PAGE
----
January 18, 2007 at 09:38 PM · Well, it's not a matter of a school being good academically.

It's a matter of it being a California school. If it were located in any other state, by all means, it would be the top school or super highly respected.

When you have Caltech, Stanford, Berkeley, UCLA, UCSD stacked on top of you, it's hard to stand out in the minds of students. Even some of the Claremont Colleges (Pom. and HM) are greatly considered over USC.

It's a relative matter... But I'm very certain that California is very lucky to have Thornton as well as Colburn, and of course SF Conservatory. Though we can't rival Curtis or Juilliard or NEC's dominance, their (Cal music schools) existence and good work educating future musicians make a great difference in California.

V

January 18, 2007 at 10:04 PM · Vince,

I think that a lot of that is just imaginary.

California has a lot of money, so there's a lot of potential. I think in the next 20 years we'll see some major figures come out of places like USC and Colburn. When you have people like Midori (USC) and Robert Lipsett, and a school that pays all tuition and expenses, there's an enormous amount of potential there. Colburn I'm sure will eventually become synonimous with excellence in the same manner that Curtis has.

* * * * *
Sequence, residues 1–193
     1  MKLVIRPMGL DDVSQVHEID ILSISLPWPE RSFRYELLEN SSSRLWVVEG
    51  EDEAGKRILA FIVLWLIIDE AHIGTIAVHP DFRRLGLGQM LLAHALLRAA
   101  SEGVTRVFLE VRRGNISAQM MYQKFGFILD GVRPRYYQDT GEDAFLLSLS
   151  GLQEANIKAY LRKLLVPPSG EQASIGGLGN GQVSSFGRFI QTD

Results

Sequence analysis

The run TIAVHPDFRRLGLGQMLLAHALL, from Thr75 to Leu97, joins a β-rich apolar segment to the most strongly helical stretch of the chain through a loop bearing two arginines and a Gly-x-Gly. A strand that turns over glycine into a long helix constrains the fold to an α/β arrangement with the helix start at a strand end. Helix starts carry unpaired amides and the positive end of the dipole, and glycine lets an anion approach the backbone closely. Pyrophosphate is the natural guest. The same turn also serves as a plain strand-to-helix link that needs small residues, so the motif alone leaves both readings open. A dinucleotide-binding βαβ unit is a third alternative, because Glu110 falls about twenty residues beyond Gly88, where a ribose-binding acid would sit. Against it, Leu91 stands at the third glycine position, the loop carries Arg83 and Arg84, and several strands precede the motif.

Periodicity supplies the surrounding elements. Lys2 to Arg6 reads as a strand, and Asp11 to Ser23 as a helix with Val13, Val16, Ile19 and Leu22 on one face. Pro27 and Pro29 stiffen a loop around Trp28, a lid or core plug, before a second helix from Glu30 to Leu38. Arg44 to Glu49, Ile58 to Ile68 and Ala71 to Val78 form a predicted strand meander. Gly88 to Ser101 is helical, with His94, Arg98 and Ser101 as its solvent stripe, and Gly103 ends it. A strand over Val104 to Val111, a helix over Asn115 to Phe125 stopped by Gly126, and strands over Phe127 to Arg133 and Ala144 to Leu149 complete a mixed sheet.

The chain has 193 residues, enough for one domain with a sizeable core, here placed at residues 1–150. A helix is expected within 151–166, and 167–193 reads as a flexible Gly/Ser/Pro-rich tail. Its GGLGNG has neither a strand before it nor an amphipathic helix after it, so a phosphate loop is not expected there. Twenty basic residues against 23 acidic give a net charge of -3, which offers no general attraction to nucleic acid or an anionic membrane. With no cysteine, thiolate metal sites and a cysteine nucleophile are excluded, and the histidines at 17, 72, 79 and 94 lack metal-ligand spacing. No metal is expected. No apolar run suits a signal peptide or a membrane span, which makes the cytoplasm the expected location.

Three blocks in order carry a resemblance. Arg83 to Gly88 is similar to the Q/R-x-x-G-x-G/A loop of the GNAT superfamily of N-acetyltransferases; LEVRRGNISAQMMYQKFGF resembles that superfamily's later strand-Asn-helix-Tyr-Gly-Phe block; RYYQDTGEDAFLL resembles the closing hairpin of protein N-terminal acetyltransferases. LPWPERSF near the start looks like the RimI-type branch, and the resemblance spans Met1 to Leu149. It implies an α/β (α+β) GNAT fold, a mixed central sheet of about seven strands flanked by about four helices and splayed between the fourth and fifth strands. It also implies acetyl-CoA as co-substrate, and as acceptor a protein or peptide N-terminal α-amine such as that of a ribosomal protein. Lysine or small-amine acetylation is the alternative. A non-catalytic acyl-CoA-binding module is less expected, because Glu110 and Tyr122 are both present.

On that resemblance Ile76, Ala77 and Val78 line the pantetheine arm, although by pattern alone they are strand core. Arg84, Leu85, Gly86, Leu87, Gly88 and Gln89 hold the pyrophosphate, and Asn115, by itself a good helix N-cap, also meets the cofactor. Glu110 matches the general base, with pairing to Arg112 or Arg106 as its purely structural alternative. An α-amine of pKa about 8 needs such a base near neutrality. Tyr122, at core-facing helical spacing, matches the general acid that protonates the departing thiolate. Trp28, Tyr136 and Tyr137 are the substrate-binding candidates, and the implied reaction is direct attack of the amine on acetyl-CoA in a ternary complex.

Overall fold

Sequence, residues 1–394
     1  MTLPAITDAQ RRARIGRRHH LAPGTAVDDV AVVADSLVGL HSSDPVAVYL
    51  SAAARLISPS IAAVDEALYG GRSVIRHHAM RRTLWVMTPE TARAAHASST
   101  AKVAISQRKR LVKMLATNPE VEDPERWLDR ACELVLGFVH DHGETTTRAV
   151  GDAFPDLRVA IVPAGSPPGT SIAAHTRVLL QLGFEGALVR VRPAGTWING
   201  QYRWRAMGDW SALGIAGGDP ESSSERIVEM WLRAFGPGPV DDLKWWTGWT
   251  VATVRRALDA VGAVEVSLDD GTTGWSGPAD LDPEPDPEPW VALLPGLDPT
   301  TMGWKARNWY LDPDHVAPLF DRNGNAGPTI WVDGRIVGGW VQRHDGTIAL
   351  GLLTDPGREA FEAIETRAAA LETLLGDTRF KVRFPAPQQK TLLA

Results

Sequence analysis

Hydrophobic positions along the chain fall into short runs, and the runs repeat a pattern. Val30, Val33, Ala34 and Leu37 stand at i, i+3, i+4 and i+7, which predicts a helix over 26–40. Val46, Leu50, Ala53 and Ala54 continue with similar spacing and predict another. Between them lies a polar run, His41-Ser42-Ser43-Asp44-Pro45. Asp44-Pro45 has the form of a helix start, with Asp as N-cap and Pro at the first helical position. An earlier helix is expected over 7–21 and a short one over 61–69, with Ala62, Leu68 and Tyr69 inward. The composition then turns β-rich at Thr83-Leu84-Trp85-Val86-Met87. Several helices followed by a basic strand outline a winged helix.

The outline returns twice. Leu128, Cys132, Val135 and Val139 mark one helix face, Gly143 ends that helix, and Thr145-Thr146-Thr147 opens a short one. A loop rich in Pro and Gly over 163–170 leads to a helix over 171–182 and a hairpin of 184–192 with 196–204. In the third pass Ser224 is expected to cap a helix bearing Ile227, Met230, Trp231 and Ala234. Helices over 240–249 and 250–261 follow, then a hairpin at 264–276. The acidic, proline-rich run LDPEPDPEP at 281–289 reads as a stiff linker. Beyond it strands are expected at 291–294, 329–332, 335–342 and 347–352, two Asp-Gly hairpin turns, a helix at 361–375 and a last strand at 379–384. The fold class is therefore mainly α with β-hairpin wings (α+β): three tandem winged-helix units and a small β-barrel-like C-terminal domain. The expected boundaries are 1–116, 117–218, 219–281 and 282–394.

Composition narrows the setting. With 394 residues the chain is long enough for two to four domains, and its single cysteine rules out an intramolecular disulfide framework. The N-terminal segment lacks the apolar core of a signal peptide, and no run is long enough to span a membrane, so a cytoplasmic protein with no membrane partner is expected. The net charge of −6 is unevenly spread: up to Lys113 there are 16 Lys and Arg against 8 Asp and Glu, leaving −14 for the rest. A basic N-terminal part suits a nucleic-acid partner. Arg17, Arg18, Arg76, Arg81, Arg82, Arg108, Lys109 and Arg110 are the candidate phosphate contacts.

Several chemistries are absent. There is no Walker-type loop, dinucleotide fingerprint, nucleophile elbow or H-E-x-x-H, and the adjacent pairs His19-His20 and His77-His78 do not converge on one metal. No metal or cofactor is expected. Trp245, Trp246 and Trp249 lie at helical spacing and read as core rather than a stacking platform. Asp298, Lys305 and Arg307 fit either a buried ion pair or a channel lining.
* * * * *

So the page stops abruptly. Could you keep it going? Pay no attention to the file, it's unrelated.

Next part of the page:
January 18, 2007 at 11:06 PM · A lot of it is not whether it is a California school or not, it's in your head.

Michelle Kim is the Assistant Concertmaster of New York Philharmonic. She went to USC, studying with Robert Lipsett at the time. Yes, she went to Juilliard too. But she was an excellent violinist before even entering Juilliard.

Michael Tilson Thomas also went to USC. And he has a job as the Music Director of San Francisco Symphony.

There are good, average, and bad players in most schools. I think you are just obsessed with the names.

January 19, 2007 at 12:09 AM · I'm currently working on my Bachelor's of Music degree at a state university. The school's not famous at all, but I love studying with my teacher, and I love having smaller classes (my String Pedagogy Class and my String Literature class each had only two students, and we each got a lot of individual attention). I've had a good experience so far, although living in a town which is basically just one huge festering 24-hour party is starting to wear me down.

January 19, 2007 at 04:42 AM · Before I take my sabbatical -- I said academically. Musically, obviously it is superior. I have great respect for USC, that's where my teacher went to school.

I was referring to the academic reputation.

And no, it's not in my head, it's in everyone's head. hehe.

And yes Amanda, I agree... it is what you make of it -- a teacher is a personal thing, and the right teacher for YOU, can be virtually anywhere. Even on here.

V